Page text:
The idea that prions — proteins that can undergo conformational changes that are transmissible — may drive the evolution of new traits to promote survival in changing environments is highly controversial. Such prions had not been found in wild strains of yeast, leading to the assumption that fungal prions are either diseases of yeast or ’laboratory artefacts’. However, Susan Lindquist and colleagues report the discovery of two known prions in one third of nearly 700 strains of Saccharomyces cerevisiae collected from the wild. They show that these prions can alter characteristics of their hosts; 40% of the traits produced by the prions are beneficial under selective environmental conditions or provide a basis for further, DNA-based traits to evolve.


Susan Lindquist (Whitehead Institute for Biomedical Research, Cambridge, MA, USA)
Please note this author is travelling and can be contacted via:

Audrey Mc Ardle (Whitehead Institute for Biomedical Research)
Tel: +1 617 258 5814 or: +1 617 447 5861; E-mail: [email protected]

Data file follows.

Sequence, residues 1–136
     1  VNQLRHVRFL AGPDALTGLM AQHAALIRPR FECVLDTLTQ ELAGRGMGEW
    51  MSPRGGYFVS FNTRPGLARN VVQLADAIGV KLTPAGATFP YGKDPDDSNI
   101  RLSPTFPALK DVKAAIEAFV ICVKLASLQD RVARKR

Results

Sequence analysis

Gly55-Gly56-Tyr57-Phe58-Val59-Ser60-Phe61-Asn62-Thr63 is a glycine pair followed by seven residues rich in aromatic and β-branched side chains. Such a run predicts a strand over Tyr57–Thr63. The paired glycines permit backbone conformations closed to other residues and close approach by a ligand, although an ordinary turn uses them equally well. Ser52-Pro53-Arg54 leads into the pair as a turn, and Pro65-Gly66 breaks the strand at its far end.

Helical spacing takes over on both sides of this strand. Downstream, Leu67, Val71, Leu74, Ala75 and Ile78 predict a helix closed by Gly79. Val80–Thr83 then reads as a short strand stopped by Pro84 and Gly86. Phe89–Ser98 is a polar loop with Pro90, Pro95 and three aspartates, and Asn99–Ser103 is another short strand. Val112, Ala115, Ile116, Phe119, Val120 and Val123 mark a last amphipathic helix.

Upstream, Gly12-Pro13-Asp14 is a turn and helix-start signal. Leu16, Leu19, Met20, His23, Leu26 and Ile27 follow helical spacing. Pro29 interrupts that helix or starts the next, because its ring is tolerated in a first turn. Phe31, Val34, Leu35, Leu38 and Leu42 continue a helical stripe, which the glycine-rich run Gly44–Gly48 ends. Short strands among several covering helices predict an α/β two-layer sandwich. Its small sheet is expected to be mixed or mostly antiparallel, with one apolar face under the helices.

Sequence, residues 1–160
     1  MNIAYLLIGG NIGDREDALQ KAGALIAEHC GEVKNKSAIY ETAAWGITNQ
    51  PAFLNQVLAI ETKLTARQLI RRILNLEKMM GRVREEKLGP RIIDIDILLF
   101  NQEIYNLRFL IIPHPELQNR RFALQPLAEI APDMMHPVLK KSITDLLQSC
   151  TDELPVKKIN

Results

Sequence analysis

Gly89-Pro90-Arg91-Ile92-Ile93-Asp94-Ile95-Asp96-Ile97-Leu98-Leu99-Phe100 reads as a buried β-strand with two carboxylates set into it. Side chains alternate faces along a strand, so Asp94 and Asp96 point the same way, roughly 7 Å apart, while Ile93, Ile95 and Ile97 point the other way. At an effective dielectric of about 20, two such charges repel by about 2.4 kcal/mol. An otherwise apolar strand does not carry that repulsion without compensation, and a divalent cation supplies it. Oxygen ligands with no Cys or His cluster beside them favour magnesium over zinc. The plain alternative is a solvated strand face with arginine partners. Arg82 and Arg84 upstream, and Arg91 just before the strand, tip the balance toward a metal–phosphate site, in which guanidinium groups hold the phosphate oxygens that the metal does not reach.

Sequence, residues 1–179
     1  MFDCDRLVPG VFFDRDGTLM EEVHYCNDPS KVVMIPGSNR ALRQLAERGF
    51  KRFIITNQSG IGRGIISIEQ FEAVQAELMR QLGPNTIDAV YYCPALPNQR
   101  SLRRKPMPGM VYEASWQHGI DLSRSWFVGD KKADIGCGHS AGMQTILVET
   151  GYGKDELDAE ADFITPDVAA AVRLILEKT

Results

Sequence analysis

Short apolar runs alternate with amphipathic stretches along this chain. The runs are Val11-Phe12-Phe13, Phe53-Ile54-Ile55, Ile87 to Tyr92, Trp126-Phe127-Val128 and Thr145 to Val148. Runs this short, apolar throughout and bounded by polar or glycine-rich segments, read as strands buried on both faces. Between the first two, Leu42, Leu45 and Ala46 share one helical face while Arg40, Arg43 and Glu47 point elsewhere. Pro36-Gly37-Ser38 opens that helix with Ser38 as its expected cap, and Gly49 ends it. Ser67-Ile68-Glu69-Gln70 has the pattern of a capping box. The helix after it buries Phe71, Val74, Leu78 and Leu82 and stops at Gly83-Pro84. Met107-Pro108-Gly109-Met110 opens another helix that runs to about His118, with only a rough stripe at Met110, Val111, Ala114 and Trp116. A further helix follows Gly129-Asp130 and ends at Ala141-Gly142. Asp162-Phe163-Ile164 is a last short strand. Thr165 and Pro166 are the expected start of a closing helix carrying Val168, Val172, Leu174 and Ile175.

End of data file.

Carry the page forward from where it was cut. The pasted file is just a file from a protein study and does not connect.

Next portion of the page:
Comment: Regulate alcohol for global health (p. 302)

The World Health Organization (WHO) should create a legally binding treaty to reduce alcohol abuse, says Devi Sridhar in a Comment in Nature this week.

Almost 4% of all deaths worldwide are attributed to alcohol — more than the number of deaths caused by HIV/AIDS, tuberculosis or malaria. Alcohol consumption is the world’s third-largest risk factor for the loss of years to disease and disability, and in middle-income countries, which constitute almost half of the world’s population, it is the greatest risk. The WHO is the only global health body that can create legally binding conventions. Yet, surprisingly, in more than 60 years, the agency has produced only two major treaties — one requiring the tracking of disease outbreaks, and one against tobacco. “This is a major missed opportunity,” says Sridhar.

Sridhar argues that the WHO should turn its Global Strategy to Reduce Harmful Use of Alcohol, which is a set of policy recommendations, into a legally binding document. This would force nations to enact legislation, free up funds from the international community to address alcohol abuse and allow campaigning bodies to take governments to court for non-compliance. This should be accompanied, says Sridhar, by other moves to help the WHO to enforce its conventions, and to strengthen its ability to ensure that people in all countries are provided with a basic package of health services.